It’s an event unlike any other, not only focusing on athletics, but also using the opportunity of such a large gathering to offer help and support for the betterment of the individuals participating. Academic conferences and workshops were also offered throughout the 10-day event for both competitors and spectators alike. “International Indigenous Youth Conference - Building Resiliency through Physical & Health Literacy” and “International Indigenous Education - Reconciliation University & Colleges” were just two of the 10 seminars offered.
Buffalo became involved through a friend, helping to organize and run events such as bow and arrow, spear throwing and tug of war.
“You would see these men from all over the world competing in the ornate and traditional clothing of their homes. It was awesome to see,” Buffalo recalled. “At night, we would have round dances around the fire and, despite the language barriers, it felt like we were all connecting. There were a lot of friendships forged on those nights.”
The international competition brought the best of athletic competition to Alberta, but in Toronto at the North American Indigenous Games last month was another venue in which Buffalo saw continued growth among younger competition.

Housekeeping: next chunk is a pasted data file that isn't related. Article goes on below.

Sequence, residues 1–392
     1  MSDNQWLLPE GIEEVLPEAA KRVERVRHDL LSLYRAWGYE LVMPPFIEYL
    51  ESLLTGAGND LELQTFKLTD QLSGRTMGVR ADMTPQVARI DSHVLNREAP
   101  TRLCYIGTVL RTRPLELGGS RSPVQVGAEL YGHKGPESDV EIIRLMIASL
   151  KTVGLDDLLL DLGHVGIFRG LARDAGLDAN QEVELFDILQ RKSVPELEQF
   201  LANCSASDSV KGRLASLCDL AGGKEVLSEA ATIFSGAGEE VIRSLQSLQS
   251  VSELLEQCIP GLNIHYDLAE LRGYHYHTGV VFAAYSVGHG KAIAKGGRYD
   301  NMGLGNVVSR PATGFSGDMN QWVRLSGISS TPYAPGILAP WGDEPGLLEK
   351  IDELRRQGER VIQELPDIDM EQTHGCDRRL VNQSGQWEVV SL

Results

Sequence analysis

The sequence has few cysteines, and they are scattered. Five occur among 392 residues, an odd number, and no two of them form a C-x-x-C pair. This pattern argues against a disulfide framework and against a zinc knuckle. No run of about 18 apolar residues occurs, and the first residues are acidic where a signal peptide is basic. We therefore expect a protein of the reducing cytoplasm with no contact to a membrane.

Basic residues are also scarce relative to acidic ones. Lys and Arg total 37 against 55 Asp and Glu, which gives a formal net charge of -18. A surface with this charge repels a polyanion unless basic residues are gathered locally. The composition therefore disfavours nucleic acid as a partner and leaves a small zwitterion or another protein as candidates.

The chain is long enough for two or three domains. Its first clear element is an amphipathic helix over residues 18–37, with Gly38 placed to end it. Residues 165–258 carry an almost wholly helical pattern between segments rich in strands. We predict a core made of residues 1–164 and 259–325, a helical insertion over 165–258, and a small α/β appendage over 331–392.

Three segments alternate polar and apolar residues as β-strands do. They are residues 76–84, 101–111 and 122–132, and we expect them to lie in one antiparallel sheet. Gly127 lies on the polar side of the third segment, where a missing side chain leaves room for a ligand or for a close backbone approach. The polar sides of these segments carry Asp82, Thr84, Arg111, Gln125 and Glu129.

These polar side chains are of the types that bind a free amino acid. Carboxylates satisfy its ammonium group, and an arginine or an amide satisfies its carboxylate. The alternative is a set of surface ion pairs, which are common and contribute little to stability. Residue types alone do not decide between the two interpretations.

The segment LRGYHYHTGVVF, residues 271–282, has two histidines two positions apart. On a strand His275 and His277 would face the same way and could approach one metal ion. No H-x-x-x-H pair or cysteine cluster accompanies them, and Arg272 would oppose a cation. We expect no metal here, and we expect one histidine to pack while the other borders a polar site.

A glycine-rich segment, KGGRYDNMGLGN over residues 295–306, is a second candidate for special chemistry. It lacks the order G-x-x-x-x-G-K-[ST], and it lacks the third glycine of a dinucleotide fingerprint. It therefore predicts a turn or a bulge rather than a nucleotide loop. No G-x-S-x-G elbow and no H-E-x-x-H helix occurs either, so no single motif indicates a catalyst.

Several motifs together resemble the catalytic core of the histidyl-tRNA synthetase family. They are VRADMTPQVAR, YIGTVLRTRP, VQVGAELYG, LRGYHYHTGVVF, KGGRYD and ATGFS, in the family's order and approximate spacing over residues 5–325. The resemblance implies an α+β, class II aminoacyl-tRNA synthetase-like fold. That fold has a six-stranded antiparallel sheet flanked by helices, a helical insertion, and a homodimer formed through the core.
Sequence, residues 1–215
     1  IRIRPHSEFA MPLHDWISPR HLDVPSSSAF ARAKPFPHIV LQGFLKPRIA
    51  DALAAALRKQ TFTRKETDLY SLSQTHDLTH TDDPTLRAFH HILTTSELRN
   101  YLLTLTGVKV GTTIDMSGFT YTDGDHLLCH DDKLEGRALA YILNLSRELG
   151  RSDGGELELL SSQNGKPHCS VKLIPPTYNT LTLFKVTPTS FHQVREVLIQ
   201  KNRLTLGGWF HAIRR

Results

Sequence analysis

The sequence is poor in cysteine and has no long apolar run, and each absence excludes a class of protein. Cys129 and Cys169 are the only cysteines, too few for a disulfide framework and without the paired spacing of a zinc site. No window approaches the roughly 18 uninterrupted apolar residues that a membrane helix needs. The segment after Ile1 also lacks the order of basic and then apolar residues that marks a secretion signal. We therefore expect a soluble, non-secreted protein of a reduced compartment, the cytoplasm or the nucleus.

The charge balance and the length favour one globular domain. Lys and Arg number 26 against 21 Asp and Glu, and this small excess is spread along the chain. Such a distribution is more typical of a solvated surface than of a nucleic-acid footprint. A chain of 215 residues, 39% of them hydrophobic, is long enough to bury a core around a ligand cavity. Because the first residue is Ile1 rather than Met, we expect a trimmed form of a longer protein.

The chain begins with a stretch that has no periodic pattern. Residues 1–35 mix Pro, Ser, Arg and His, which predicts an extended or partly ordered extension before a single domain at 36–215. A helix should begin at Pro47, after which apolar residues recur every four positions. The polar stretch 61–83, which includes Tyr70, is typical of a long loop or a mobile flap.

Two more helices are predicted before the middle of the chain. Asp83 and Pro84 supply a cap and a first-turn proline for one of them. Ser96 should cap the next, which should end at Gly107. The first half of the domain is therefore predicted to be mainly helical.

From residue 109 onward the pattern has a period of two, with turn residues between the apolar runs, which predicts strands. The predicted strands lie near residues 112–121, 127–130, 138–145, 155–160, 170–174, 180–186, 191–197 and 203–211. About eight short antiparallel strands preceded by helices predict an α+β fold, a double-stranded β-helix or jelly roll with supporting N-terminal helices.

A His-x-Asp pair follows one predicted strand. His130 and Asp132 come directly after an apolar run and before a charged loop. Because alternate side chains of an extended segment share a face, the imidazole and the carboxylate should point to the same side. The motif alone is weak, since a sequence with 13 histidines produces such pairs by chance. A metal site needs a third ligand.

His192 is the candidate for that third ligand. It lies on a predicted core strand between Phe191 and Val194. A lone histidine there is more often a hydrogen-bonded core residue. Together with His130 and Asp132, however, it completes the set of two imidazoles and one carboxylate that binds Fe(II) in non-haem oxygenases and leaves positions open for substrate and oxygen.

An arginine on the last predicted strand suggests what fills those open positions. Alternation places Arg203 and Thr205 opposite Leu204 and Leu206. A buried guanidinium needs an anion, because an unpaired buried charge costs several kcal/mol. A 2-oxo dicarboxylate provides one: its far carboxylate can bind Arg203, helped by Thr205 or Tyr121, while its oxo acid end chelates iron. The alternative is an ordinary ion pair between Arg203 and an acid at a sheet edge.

Travelling as a chaperone with Alberta’s Athletic (track & field) Team, Buffalo was able to see firsthand the talent level and ability of the population’s youth.
“In my community, kids don’t get to see the world too often, so this is a great way for them to experience different cultures and meet people of similar backgrounds from all over the world,” Buffalo said of the World Indigenous Games. “This was also true in Toronto as it was the first time for some of those kids leaving their homes, flying on a plane and going to Canada’s biggest city.”
“At the opening ceremonies, the stadium was sold out with almost 13,000 people inside,” he added. “Each province sat together so there were different provincial colors represented everywhere you looked. It was so special to see everyone cheering on everyone else and showing so much respect for all the different aspects of culture on display.”